When you’re a kid just starting out – playing a big tournament in your hometown in front of friends and family – the pressure you put on yourself must be enormous.
But those are also moments when upsets happen. You need only to look at Tim Van Rijthoven’s run to the title at home in the Netherlands, as a wild card, on grass earlier this summer.
And they occasionally happen in Montreal. It happened Saturday for Gabriel Diallo.
The 20-year-old, ranked No. 665 and playing college tennis full-time at the University of Kentucky, received a wild card into the qualifying at the Omnium Banque Nationale.
He made good, upsetting the VERY solid and experienced James Duckworth, ranked No. 59, 6-3, 7-6 (5) on the Court Rogers Saturday.
Here’s what it looked like.
Diallo is a Montreal native who actually relocated to Quebec City to work with Félix Auger-Aliassime’s father, coach Sam Aliassime.
He has little professional experience; but his win at a $25K ITF in Michigan earlier this summer moved him from outside No. 943 in the rankings up to No. 675.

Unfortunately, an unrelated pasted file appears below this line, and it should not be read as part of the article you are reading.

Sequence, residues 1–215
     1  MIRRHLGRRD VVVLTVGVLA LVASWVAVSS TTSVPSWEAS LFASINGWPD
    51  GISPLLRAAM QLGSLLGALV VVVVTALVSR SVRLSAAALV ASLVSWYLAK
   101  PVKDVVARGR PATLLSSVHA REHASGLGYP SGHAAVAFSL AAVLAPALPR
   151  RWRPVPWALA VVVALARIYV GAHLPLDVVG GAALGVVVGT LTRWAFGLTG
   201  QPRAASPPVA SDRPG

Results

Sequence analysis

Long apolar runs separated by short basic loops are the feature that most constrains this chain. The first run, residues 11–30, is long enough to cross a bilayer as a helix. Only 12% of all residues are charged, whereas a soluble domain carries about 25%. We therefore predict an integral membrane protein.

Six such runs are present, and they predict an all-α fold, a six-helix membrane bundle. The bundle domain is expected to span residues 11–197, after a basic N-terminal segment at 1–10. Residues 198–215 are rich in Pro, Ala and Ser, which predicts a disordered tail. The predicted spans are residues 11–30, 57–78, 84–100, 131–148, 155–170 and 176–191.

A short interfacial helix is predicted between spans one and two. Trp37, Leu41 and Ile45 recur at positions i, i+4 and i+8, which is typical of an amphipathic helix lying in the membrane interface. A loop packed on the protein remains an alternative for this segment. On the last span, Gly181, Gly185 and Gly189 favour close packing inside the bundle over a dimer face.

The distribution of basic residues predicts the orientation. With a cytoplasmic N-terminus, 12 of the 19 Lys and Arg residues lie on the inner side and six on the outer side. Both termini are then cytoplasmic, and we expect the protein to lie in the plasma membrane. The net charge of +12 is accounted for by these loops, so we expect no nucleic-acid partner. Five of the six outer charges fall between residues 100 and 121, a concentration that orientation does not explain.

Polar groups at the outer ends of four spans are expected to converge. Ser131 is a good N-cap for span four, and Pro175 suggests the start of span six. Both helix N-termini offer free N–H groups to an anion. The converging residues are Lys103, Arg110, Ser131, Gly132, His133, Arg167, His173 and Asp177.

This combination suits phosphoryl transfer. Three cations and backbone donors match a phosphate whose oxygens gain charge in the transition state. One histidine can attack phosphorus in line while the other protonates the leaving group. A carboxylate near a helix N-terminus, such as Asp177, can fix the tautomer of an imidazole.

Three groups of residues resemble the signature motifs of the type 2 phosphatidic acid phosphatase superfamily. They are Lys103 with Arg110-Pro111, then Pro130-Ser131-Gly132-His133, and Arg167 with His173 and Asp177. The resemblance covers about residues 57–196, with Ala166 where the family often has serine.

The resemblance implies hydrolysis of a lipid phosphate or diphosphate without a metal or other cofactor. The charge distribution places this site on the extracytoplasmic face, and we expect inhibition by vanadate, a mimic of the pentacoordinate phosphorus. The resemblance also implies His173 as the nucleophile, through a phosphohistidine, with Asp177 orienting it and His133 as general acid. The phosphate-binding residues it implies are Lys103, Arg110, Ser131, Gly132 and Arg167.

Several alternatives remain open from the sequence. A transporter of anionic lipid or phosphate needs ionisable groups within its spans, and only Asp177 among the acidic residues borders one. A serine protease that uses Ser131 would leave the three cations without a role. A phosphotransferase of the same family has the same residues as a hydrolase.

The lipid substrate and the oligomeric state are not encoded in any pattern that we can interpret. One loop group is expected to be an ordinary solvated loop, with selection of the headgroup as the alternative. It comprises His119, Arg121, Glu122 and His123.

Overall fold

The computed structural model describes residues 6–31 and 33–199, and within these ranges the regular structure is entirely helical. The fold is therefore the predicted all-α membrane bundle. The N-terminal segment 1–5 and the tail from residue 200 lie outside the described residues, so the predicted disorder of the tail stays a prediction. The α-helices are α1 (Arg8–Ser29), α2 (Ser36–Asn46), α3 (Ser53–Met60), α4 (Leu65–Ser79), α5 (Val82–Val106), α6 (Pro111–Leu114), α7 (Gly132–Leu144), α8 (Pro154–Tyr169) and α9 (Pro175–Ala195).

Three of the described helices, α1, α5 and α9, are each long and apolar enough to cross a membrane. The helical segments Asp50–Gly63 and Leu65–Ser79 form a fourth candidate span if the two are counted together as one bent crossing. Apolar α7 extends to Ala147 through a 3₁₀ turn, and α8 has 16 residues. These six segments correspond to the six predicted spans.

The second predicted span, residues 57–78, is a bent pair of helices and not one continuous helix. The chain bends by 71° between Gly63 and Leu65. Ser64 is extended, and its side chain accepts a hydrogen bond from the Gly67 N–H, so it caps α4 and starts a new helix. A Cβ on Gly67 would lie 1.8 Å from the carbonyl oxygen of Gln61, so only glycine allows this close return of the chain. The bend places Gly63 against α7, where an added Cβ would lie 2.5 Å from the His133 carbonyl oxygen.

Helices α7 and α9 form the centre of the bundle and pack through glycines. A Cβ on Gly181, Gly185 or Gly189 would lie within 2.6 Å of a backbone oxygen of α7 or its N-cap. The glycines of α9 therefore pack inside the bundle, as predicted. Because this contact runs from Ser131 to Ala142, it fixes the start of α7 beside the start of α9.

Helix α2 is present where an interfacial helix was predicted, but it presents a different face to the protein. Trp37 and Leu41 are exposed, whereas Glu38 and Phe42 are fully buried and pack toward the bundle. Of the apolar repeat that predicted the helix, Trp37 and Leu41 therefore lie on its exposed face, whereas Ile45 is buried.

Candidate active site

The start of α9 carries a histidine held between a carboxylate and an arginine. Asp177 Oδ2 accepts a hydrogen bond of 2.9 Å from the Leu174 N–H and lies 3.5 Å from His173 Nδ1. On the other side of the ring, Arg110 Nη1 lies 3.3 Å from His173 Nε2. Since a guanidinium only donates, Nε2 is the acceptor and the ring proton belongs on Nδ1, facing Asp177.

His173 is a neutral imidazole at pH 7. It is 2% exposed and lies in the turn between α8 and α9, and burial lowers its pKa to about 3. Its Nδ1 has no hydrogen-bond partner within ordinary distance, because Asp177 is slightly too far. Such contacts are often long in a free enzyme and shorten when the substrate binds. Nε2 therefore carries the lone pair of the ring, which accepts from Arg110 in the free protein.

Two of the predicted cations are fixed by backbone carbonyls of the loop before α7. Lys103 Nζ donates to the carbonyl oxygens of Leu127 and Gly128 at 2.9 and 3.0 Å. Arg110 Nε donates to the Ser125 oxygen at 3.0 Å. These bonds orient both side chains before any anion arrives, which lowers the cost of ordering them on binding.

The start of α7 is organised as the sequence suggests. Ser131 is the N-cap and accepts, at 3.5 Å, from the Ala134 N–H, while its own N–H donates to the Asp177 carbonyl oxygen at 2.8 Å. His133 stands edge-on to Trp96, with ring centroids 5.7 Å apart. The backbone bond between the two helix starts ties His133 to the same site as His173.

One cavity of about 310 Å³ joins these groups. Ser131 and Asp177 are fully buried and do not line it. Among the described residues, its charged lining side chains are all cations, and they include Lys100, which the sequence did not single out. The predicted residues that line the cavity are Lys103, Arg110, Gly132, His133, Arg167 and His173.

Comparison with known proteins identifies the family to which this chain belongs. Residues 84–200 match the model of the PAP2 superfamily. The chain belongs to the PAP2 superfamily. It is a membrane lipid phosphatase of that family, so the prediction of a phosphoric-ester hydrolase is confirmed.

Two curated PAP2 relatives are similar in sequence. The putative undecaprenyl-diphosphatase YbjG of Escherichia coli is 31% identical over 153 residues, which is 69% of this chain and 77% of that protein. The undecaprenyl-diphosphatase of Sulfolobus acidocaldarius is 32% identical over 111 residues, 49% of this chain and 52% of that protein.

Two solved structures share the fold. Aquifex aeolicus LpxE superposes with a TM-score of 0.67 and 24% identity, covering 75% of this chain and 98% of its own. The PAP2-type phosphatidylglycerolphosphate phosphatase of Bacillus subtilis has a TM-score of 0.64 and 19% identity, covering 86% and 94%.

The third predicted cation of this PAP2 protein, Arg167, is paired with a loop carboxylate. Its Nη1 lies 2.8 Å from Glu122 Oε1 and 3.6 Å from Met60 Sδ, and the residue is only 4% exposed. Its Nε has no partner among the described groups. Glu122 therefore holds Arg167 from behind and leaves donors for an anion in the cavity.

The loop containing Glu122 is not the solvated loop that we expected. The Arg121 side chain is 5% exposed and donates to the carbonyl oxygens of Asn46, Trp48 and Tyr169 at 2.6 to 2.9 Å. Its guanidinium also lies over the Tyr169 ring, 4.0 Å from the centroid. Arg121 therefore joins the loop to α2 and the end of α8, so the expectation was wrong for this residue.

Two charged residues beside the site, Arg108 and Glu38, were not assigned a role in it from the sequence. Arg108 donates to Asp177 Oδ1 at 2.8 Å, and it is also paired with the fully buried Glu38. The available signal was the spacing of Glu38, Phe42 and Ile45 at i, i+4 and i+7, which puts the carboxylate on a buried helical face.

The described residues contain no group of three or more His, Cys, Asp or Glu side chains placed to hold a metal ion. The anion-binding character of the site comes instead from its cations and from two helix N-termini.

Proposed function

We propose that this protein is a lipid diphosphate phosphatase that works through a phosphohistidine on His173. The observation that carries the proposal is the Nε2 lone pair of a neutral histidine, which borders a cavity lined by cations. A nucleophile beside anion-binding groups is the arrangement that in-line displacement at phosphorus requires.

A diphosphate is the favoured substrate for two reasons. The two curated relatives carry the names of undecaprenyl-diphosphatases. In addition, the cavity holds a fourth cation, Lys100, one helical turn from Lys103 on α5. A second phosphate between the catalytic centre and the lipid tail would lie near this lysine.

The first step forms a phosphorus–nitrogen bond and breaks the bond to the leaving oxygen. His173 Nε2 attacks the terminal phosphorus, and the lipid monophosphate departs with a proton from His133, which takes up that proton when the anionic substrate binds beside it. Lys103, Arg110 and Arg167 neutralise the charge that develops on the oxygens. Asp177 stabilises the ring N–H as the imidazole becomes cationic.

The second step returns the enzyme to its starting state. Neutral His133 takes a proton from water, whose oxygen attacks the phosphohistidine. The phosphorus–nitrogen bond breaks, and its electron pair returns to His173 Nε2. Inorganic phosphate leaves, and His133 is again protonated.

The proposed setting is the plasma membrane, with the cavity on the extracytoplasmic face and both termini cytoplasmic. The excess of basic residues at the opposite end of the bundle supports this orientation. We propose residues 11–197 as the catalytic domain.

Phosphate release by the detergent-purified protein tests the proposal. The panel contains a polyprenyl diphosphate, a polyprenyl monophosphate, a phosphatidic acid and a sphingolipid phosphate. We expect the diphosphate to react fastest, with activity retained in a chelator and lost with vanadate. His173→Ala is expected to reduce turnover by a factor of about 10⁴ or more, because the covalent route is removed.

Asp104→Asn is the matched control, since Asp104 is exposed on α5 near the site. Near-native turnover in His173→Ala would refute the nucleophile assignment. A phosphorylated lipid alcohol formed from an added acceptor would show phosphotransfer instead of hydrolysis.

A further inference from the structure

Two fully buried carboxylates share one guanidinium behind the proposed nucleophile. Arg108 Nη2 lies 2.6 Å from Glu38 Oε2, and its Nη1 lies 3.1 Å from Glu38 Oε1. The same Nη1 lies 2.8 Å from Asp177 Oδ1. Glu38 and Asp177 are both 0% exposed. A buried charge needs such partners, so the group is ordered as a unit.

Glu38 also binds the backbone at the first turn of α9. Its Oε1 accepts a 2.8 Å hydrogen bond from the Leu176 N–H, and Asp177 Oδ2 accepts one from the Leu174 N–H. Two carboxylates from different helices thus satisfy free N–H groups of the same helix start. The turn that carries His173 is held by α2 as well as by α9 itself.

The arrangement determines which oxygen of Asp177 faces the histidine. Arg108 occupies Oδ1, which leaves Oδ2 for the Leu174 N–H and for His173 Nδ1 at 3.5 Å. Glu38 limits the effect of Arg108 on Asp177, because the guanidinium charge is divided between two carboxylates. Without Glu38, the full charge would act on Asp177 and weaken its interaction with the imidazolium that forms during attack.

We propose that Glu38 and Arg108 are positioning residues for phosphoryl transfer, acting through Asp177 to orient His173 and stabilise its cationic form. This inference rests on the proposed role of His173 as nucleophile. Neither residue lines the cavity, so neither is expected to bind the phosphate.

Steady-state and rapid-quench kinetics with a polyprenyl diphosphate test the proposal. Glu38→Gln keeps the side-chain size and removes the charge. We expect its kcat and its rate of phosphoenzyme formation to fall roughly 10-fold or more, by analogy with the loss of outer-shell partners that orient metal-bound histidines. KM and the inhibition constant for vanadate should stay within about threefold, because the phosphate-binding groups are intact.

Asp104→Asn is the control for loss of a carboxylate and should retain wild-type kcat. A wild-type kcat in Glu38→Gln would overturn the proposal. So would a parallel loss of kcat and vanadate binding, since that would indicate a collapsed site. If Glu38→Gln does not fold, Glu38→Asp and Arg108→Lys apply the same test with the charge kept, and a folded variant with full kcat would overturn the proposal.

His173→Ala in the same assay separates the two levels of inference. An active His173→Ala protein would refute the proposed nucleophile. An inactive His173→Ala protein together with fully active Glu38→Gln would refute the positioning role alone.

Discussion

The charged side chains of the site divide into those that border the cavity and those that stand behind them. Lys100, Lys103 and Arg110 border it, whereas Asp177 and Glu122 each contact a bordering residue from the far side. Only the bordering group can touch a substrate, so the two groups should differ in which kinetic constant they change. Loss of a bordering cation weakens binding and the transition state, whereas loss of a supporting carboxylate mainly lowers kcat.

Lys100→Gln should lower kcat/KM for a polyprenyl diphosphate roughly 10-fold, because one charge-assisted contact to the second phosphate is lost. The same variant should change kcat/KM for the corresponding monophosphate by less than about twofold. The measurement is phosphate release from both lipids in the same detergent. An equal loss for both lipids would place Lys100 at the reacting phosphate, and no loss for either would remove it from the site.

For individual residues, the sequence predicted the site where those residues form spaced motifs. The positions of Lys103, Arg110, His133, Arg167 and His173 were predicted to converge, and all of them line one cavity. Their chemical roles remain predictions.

Sunday, he faced a completely different matchup in tricky French lefty Hugo Gaston.
And reality set in, as Diallo retired down 2-6, 1-2 due to injury.
Duckworth didn’t take it well
For Duckworth, generally a pretty stolid sort, the defeat at the hands of the kid was worth the ABSOLUTELY crushing of several rackets.
He made one kid’s day, though.
Flashbacks to Milos Raonic – 2009
There was another young, big-serving kid who made his mark long ago in Montreal.
It wasn’t quite the same situation. But Milos Raonic, then just 18 and ranked No. 679 (almost exactly the same as Diallo this week), had an impressive run through the qualifying.
He defeated Teymuraz Gabashvili (then No. 77). And then he took care of Michael Llodra (No. 113 at the time) to qualify for the main draw.
He got the rock-star treatment on his way out of the stadium, too.
There, he squared off against world No. 10 Fernando Gonzalez in the first round of the main draw, in his ATP Tour-level debut.
It was on the same court Diallo owned Saturday, too, the Grandstand, in a night match.
There’s actually a YouTube of it.
The place was full and Gonzalez was being driven to drink by the very loud, very pro-Raonic crowd.
And the kid nearly pulled it off. Maybe he should have. In the end, he was beaten 4-6, 7-6 (6), 6-4 by the experienced Gonzalez.
But his career was launched. Raonic immediately left for a three-tournament tour of Thailand on the ITF circuit, during which he went 12-2 with one title and a final.
He came home ranked in the top 400.